Inland Rail is transforming how goods are moved around Australia.
Connecting Melbourne and Brisbane via regional Victoria, New South Wales and Queensland, this 1,700km rail project will complete our national freight network—better connecting producers to markets and creating new opportunities for businesses, industries and regional communities.
Shifting more goods from road onto rail is the right move for Australia
Inland Rail means freight can be delivered faster and more reliably to our growing population, and beyond to global markets. It also means safer, less congested roads and fewer carbon emissions.
Work on Australia’s largest freight rail infrastructure project – a priority infrastructure project for the Australian Government – is well underway, and we’re working with regional businesses and communities to make it happen.
A 1,700km freight rail project
Connecting Melbourne to Brisbane via regional Victoria, New South Wales and Queensland
Construction commenced in 2018 and is anticipated to be completed in 2027. This an indicative estimate and will be determined by a number of factors, including ongoing community consultation, design development work and unforeseen weather events.
To keep pace with Australia’s increasing freight demands
The Australian Government is delivering Inland Rail through the Australian Rail Track Corporation, in partnership with the private sector
Did you know? 10 key Inland Rail facts
Spanning more than 1,700km, Inland Rail is the largest freight rail project in Australia and one of the most significant infrastructure projects in the world.
Around 21,500 workers will play their part in building Inland Rail during peak construction.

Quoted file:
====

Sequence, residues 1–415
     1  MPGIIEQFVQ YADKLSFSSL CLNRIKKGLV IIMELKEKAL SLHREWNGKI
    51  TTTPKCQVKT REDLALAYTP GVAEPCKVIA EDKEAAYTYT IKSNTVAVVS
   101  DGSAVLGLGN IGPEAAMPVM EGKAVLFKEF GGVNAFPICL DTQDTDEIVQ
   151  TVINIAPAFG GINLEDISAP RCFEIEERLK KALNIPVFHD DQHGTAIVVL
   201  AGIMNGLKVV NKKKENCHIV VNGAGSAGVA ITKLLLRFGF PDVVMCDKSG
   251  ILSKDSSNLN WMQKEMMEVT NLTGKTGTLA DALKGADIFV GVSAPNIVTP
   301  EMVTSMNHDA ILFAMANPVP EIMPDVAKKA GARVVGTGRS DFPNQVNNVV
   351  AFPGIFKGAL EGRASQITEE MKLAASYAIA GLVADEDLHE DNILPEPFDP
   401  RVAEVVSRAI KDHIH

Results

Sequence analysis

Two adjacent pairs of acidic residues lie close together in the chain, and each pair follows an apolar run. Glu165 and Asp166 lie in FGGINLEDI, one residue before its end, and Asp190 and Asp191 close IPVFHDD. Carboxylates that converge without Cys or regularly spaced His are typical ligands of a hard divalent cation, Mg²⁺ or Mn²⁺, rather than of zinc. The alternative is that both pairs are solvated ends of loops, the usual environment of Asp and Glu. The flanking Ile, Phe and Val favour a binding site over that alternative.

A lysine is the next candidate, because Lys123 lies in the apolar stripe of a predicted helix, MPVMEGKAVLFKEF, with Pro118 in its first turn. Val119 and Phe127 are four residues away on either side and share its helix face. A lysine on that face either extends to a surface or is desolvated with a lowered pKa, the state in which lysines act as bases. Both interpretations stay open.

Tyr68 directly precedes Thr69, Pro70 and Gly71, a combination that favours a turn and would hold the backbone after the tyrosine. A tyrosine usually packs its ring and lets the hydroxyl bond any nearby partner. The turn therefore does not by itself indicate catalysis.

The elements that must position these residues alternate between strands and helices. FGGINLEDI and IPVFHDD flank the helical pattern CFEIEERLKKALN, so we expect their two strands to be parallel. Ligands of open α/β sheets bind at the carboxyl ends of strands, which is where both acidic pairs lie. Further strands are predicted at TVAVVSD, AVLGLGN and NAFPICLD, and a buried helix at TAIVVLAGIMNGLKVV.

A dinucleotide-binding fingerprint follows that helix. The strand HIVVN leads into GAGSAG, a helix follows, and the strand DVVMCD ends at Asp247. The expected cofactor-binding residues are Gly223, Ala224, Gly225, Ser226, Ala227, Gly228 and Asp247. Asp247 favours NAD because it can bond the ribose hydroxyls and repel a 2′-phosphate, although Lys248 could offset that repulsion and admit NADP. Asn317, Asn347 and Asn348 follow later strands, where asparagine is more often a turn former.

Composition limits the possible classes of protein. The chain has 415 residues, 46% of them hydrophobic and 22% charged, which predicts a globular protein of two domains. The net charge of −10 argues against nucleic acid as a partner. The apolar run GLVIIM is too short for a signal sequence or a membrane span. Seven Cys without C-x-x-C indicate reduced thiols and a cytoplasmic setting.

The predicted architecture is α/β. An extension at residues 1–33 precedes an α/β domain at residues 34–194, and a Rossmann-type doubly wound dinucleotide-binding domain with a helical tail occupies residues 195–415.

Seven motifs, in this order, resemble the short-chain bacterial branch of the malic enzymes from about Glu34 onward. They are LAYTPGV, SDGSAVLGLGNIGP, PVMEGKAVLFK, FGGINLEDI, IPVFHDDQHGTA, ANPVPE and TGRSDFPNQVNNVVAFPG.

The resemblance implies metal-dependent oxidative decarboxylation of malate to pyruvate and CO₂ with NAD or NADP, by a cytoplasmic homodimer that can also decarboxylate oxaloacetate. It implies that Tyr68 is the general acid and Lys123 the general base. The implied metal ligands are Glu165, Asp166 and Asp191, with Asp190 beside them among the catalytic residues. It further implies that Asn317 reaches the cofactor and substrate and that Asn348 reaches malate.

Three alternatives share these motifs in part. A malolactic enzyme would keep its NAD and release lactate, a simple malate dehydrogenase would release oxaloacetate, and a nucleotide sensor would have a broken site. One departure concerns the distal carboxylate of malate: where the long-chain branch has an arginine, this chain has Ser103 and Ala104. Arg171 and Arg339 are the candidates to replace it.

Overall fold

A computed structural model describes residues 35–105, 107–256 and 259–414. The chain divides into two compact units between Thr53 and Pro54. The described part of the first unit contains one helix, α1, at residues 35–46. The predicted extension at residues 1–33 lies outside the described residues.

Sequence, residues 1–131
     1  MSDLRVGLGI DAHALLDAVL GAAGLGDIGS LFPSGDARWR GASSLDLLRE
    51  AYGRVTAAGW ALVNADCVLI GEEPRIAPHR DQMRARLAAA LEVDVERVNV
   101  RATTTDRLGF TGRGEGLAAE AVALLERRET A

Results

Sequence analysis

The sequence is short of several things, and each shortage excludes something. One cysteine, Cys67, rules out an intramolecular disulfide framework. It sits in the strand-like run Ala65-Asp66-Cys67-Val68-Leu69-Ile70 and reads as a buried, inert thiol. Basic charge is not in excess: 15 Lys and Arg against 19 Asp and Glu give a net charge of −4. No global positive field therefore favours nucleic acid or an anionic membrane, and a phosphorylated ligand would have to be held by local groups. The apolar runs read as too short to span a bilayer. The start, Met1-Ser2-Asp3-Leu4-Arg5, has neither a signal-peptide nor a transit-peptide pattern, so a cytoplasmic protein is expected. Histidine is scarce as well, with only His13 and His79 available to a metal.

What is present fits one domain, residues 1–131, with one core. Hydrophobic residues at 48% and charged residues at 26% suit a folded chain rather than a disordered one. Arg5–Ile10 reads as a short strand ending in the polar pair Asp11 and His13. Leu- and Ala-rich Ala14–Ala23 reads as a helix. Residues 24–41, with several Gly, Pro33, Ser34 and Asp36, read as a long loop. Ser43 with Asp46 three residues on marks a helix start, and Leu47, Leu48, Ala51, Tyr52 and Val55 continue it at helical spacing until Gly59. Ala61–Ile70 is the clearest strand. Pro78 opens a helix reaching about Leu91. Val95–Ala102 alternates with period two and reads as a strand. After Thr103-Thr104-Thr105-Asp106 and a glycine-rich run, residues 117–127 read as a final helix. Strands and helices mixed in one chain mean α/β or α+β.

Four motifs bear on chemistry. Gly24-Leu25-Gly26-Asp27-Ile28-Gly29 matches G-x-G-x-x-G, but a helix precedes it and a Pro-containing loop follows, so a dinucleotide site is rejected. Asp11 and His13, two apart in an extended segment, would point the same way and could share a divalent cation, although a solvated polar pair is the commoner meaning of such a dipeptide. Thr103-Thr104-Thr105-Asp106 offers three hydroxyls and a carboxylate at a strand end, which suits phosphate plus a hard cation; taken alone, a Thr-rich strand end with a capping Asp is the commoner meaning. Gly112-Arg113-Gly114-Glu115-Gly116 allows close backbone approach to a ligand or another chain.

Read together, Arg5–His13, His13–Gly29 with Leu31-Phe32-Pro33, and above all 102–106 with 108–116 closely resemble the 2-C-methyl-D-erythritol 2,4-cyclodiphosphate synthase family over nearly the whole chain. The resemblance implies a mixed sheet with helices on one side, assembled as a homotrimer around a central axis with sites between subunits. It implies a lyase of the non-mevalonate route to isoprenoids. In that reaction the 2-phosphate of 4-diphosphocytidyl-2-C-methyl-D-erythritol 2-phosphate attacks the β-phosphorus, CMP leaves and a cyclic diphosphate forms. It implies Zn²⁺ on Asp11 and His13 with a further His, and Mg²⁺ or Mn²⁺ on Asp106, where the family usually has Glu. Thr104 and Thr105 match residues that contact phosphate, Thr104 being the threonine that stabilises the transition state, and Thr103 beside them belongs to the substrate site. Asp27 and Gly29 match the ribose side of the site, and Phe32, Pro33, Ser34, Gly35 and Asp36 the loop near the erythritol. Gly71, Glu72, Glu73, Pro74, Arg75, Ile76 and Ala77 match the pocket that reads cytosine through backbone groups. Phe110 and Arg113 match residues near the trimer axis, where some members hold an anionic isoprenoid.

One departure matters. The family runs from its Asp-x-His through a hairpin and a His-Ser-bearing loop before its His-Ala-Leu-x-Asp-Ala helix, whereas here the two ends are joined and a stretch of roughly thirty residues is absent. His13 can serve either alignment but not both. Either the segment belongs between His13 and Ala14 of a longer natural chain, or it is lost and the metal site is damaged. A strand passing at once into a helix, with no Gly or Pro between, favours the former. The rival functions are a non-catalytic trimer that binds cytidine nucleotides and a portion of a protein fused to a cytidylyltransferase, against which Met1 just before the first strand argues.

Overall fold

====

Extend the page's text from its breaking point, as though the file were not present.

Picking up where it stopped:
It comprises 13 individual projects across 36 local government areas: one project in Victoria, seven in New South Wales, and five in Queensland.
Inland Rail will provide a consistent standard gauge connection from Melbourne to Brisbane as well as a dual gauge connection in Queensland to allow seamless connectivity with Queensland’s narrow-gauge network.
Inland Rail will upgrade 1,100km of existing rail line and build 600km of new track to connect missing links between Melbourne and Brisbane.
Almost 70% of freight carried on Inland Rail will be for domestic use – that includes household goods and food.
The track will enable the use of double-stacked, 1,800m-long trains with a 21-tonne axle load at a maximum speed of 115km/h, allowing for the transit of greater freight volumes. Each train could carry the equivalent freight volume of 110 B-double trucks.
It will take 467,000 tonnes of steel and 1,300,000 cubic metres of concrete to build and includes construction of a 6.2km tunnel through the steep terrain of the Toowoomba Range; the largest diameter diesel freight tunnel in the southern hemisphere.
Once operational, Inland Rail will become part of ARTC’s freight rail network and complete the missing link in Australia’s supply chain. The North West Connection at Parkes in New South Wales links Inland Rail to Brisbane, Melbourne and the East-West line to Perth – reducing the rail distance between Brisbane and Perth and Brisbane and Adelaide by 500km and ultimately connecting all of Australia.
How will Inland Rail benefit Australia?
Find out why Inland Rail is a smart move for Australia.
Construction is well underway
Take a look at how we’re building Inland Rail.
Inland Rail will be an open access rail service
Find out about Inland Rail’s technical specifications.
The solution to Australia’s freight challenge
Inland Rail is transforming how everyday goods are moved around our vast country, creating more opportunities for regions to connect to cities and businesses to markets.
January 14, 2022
Business capability development webinar presentation 30 November 2021
Presentation by Inland Rail made to industry on 30 November 2021.
December 21, 2021
How we’re helping to protect our staff and communities
As part of our ongoing efforts to protect our employees and the communities in which we work, we’re strengthening COVID-19 vaccination requirements for our community events, including Community Consultative Committee meetings, and offices.